Frank Pallone’s Uphill Fight
Frank Pallone doesn’t want to be president. After all, he’s having a hard enough time becoming a senator.
The 13-term Democratic congressman from New Jersey is running in the special election for the Senate seat vacated by the death of Democrat Frank Lautenberg in June against Newark Mayor Cory Booker, who canceled a trip to Iowa last week.
The good news for Pallone is that polls currently have him in second place in a crowded field that includes fellow Congressman Rush Holt, State Assembly Speaker Sheila Oliver, and Booker. The bad news is that in this campaign, second place still means that he’s almost 40 points behind the Newark mayor.
In an interview with The Daily Beast, Pallone, a gentle, soft-spoken man who seems like he’d be more comfortable collecting stamps at home than favors in Jersey politics, still radiated a measured confidence about his chances. “My basic message is that I am the experienced candidate that can get things done” he told The Daily Beast. Pallone shied away from almost every opportunity to contrast his record with that of Booker who, with over 1.4 million Twitter followers, has become a celebrity. Instead, the New Jersey congressman reminisced about his accomplishments and discussed his progressive political philosophy in hopes that voters might care.
In Pallone’s view, “My whole purpose really is to try to help working families to find better jobs and get better benefits and look out for the little guy." While he touts his role writing the Affordable Care Act in his campaign ads, the piece of legislation that he mentioned to The Daily Beast as a prime example wasn’t Obamacare. Instead, it was a far more mundane bill from 2000, the BEACH Act. The legislation, which Pallone co-sponsored with Lautenberg, set federal standards for coastal water quality. It required regular monitoring for pollutants and bacteria and required that those test results be published online. After all, clean water not only means that those swimming don’t get sick but keeps the beaches open to protect the tourism industry, which is particularly important to Pallone, who lives on and represents the Jersey Shore.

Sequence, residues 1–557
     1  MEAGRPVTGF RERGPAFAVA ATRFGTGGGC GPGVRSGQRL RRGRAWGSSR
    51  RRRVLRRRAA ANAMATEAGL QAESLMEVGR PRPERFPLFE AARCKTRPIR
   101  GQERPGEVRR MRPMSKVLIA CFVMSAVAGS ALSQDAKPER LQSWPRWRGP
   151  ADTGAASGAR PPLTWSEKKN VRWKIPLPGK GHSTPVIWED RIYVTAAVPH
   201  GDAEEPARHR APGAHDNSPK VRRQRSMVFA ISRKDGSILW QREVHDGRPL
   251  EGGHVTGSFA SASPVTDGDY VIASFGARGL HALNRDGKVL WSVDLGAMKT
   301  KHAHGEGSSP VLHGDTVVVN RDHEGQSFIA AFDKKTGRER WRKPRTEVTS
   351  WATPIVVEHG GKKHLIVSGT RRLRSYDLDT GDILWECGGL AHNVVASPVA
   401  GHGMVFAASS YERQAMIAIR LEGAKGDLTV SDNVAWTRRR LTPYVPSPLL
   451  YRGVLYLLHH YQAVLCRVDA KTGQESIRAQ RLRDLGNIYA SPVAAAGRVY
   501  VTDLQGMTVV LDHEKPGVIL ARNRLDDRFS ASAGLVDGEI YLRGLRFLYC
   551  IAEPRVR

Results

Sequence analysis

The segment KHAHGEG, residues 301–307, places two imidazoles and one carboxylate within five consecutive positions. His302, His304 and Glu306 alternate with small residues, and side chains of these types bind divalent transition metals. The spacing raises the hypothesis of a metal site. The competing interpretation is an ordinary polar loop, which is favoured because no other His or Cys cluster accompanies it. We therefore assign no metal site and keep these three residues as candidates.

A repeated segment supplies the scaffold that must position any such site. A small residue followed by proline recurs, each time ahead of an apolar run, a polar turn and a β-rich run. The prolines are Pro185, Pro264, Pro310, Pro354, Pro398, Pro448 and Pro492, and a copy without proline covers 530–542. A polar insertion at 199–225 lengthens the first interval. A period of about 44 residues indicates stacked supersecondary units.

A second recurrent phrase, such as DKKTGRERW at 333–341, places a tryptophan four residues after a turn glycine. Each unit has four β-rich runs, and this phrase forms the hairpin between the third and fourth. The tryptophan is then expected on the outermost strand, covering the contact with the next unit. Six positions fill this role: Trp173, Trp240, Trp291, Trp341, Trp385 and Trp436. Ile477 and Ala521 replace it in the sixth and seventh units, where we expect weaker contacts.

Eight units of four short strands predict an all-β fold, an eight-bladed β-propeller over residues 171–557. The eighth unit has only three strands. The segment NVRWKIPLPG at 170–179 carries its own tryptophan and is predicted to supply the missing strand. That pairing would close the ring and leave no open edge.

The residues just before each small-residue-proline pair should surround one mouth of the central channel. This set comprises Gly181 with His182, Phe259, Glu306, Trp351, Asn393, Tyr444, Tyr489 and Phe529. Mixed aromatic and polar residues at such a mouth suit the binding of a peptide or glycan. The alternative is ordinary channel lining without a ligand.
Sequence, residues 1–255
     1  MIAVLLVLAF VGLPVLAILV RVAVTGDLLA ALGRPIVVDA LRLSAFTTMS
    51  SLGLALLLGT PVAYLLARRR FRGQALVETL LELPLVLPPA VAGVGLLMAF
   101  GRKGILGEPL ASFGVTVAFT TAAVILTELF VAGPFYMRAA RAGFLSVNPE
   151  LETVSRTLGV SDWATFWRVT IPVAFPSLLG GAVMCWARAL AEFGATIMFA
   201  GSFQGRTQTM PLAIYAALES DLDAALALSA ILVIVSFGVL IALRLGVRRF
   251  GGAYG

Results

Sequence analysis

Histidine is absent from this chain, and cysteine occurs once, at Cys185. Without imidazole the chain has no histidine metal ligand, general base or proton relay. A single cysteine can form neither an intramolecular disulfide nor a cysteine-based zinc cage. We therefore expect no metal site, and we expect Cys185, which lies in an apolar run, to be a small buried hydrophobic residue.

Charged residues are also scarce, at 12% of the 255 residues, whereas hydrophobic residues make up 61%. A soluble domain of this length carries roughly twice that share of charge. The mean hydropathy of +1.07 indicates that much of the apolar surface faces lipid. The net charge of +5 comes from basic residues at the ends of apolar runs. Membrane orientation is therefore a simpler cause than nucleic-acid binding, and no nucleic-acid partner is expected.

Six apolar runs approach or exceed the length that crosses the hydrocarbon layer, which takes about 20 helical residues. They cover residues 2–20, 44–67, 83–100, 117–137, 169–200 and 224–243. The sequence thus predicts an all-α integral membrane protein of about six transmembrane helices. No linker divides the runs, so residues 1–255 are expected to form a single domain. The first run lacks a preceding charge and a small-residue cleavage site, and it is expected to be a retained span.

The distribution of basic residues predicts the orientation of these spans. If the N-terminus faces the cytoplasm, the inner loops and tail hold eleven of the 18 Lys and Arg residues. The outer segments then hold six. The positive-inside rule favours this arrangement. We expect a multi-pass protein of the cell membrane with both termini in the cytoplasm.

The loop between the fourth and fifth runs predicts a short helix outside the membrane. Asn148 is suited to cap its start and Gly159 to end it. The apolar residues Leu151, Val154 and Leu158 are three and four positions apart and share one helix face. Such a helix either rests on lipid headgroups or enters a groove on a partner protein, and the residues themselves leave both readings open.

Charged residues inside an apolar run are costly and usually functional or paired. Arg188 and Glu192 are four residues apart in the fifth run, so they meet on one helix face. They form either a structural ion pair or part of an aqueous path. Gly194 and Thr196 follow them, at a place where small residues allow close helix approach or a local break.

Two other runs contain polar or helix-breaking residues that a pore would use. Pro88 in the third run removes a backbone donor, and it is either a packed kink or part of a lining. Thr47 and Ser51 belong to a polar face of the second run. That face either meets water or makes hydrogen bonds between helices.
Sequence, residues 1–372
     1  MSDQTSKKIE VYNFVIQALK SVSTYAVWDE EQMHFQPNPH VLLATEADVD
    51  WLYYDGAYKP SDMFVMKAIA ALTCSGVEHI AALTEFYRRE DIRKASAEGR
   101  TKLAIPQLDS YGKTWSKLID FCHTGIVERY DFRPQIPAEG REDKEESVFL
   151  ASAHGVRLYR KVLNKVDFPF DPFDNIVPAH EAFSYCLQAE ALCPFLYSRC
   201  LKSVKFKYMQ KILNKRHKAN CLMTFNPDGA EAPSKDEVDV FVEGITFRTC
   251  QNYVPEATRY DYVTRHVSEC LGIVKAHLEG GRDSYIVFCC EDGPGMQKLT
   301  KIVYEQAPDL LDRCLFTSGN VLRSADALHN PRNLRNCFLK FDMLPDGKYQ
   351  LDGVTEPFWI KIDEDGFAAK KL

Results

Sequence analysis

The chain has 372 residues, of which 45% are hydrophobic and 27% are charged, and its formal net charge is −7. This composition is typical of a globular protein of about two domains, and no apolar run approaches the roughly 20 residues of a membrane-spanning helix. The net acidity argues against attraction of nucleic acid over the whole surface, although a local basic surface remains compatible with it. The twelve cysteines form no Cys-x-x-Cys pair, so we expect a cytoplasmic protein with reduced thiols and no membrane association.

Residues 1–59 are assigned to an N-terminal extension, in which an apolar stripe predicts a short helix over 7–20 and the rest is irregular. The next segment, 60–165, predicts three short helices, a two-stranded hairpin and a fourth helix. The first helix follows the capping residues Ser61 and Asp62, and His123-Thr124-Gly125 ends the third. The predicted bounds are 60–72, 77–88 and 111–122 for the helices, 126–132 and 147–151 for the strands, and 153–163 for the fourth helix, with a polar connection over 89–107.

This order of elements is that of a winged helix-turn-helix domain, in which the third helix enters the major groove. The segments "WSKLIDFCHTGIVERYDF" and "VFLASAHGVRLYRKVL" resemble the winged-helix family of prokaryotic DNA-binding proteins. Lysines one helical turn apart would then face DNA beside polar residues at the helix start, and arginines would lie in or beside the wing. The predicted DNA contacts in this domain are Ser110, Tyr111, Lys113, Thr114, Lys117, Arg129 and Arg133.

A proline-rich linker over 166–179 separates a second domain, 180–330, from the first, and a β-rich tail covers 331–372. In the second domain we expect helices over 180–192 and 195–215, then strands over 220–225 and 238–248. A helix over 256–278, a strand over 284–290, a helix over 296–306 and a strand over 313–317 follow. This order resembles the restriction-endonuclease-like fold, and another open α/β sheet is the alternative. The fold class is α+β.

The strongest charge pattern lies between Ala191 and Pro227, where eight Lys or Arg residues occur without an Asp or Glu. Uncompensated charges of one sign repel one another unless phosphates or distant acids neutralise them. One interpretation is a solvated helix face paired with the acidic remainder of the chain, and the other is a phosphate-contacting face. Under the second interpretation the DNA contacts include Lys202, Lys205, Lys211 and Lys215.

Pallone’s only direct criticism of Booker was over the Newark mayor’s refusal to participate in debates. While Booker has held a number of “Run With Cory” events that allow voters to jog with him, he has steadfastly declined to participate in all but two debates, only one of which will be televised. In fact, while his three opponents held their most recent debate in downtown Newark on Thursday, Booker was down the road holding a fundraiser. Pallone found this unconscionable, particularly in an abbreviated two-month campaign. “It’s not fair to the voters” said Pallone, “because they need to hear from us, and they need to have interaction between us so they can judge us and see where we stand on the issues and see what we’re going to do when we’re elected, and he’s just been absent from all the debates so far.”
The voters though don’t seem to mind and, in fact, even the constituency most likely to respond to Pallone’s complaints, newspaper editorial boards, have shrugged them off and overwhelmingly backed Booker. Although Pallone is confident that “the message is getting out, ” it seems few are listening. And, with 10 days left before the August 13 primary, there isn’t much time left.
After all, while Pallone may be the candidate who “get things done for the average person,” that doesn’t seem to be enough to get the average person to vote for an average candidate.